Refugee Boy By Benjamin Zephaniah

I must confess I had never heard of this book until I started downloading almost every secondary reading list I could find (I am trying to create my own reading list for my daughter) and I then started searching online for book reviews to see which books might be interesting and also not too graphic. This one popped up and I read some interesting comments so it went onto my pre-reading list and then a few days later I spotted it at our local library so I quickly borrowed it and read it.

Now I must admit I was a bit nervous about this book, it is a story about a refugee from Ethiopia and Eritrea and that immediately made me worried that there might be some graphic scenes about torture, rape or murder. Thankfully there wasn’t but just so everyone is aware in this story there are scenes where the family are threatened and then the boy’s mother is murdered (hacked to death) and later his father is also murdered, but none of these are too graphic. What does stand out when you read this story is that although the characters are fictional the actual story rings true and as you read you nod your head and go – yeah, that is what would have happened. The events, the way they unfold, parents trying everything to protect their kids, adapting to a new country, to foster care then the court case it all reads as if it were a true story and you just know that this author researched his topic really carefully and understood what he was writing about.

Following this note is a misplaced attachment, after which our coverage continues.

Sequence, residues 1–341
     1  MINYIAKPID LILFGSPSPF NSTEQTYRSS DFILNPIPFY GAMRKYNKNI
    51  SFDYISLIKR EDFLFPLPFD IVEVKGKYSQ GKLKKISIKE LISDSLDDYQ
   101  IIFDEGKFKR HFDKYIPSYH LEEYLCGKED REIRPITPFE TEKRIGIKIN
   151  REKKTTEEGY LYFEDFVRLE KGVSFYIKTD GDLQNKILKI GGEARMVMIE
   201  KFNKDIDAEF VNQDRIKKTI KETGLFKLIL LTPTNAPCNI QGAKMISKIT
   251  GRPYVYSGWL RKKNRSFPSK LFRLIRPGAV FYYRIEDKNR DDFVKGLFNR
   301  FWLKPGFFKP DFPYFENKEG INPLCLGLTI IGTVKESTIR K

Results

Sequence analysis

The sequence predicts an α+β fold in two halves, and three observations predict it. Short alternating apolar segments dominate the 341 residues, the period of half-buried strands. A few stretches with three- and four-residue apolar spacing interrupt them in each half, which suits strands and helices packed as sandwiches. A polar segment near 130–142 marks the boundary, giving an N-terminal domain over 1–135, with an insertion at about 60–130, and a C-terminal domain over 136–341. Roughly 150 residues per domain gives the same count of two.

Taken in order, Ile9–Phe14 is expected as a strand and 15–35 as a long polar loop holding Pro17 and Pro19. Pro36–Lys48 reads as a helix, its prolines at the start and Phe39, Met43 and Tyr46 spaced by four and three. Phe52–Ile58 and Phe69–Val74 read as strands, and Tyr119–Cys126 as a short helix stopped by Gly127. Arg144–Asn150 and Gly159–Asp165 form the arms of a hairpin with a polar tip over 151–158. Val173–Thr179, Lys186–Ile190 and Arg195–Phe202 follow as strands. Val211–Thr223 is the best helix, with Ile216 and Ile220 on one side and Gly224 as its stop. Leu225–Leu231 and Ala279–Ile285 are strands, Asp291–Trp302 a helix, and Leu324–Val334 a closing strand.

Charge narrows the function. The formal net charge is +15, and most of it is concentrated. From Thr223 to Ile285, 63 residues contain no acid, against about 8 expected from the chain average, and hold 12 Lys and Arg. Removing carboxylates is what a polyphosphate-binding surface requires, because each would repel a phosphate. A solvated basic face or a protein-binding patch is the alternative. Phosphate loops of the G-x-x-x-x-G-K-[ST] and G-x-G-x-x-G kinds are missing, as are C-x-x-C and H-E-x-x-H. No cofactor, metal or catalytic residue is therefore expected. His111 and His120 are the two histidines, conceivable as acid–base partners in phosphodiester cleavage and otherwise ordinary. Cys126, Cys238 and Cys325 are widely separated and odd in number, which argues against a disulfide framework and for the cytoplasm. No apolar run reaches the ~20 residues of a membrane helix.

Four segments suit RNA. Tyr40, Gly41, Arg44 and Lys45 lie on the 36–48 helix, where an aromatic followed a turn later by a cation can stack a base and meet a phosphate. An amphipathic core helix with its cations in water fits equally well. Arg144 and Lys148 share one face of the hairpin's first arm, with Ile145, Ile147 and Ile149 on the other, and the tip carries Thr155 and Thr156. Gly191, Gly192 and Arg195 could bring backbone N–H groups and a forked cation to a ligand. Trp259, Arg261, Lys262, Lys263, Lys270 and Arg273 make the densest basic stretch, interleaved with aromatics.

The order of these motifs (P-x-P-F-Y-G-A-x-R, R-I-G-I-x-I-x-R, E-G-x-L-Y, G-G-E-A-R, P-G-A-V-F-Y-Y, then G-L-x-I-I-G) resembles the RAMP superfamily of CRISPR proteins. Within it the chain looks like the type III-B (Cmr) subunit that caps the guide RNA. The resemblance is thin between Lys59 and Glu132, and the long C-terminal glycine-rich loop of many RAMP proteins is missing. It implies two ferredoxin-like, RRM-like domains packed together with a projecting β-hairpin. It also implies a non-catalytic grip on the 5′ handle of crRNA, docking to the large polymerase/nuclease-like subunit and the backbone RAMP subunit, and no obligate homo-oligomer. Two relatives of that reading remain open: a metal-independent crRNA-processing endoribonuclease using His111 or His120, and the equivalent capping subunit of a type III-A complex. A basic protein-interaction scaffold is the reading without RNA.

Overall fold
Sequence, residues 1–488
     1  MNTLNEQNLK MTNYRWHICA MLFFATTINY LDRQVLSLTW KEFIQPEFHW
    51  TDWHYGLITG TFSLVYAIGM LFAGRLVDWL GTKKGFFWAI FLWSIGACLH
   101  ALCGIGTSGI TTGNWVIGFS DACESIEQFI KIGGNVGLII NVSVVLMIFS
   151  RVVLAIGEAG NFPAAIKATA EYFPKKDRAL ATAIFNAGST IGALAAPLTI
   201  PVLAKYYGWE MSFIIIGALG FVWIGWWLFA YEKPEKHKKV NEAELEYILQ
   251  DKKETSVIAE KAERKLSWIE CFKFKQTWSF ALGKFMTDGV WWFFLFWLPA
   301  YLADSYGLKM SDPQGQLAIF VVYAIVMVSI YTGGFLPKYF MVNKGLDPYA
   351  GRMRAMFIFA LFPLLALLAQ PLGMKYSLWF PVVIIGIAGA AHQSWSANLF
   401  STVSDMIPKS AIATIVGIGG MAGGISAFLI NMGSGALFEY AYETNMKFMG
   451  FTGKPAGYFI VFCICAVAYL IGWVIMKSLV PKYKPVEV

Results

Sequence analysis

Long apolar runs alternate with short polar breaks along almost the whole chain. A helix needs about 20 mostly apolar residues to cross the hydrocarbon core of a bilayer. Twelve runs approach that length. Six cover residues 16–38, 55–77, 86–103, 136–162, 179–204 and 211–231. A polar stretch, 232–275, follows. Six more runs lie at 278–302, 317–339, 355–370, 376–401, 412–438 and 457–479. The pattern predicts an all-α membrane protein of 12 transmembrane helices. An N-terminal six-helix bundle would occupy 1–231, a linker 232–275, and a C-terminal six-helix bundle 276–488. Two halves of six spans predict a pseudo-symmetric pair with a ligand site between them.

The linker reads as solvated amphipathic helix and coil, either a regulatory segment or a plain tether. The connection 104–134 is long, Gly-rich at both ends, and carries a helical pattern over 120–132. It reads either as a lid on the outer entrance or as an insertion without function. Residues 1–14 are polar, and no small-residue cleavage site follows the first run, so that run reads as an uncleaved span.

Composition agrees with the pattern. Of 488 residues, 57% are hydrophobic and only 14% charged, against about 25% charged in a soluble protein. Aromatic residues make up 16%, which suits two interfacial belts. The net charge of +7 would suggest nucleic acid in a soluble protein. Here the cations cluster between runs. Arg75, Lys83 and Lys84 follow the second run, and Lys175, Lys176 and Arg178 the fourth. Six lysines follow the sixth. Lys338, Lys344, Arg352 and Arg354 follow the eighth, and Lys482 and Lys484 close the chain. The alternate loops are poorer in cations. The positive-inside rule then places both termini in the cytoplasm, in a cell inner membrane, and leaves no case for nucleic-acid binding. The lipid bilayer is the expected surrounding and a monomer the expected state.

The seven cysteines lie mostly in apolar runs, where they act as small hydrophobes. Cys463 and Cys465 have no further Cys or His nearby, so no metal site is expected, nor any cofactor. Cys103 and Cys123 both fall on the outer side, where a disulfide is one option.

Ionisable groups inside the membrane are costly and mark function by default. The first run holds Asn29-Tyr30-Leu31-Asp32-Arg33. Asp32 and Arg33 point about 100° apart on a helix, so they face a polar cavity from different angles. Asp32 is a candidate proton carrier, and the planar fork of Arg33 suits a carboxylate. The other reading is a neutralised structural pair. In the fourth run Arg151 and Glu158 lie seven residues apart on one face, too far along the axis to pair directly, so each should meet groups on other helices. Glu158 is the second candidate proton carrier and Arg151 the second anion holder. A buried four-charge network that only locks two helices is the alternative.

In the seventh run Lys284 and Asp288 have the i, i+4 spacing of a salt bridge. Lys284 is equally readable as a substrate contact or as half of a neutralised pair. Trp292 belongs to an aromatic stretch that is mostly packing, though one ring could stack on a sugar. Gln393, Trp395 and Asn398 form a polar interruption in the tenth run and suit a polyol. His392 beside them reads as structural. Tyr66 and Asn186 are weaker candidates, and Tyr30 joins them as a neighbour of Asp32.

Okay so the story centers around a young boy – Alem whose father is Ethiopian and his mother is Eritrean which means that when the countries are at war he is not safe in either country (because the Ethiopians consider him Eritrean and the Eritreans consider him an Ethiopian, so both sides want to kill him). This leads to the family getting threatened and eventually the father brings Alem to England on a holiday but the father then disappears leaving Alem as a refugee in England (this was his fathers plan). The story follows Alem as he struggles to fit in to life in England, and as he adapts to a foster family.

It is a moving story which is beautifully written. You start to understand the struggle of this young boy, he wants to be with his family, he misses them and worries about their safety, he also wants to study hard in England and is desperate to learn yet no where appears to be safe for him, even England has problems for him. I don’t want to give too much away but it is a story about people, not just Alem and his parents but you also get to see a foster family and how the foster sister struggles with the decisions her parents make, you get a glimpse of other families living in a shelter and even a glimpse of the people working to help Alem, their own struggle.

I am adding this book to my daughter’s recommended reading list and I am marking it as an important one to read because I think it covers a wide range of topics that we do need to expose our kids to and discuss with them and for us reading a story is often that starting point for those discussions.

I really do Highly Recommend this for older kids – I would say ages 12 and over

About ofamily

Home educating family based in the UK. We try to make learning fun
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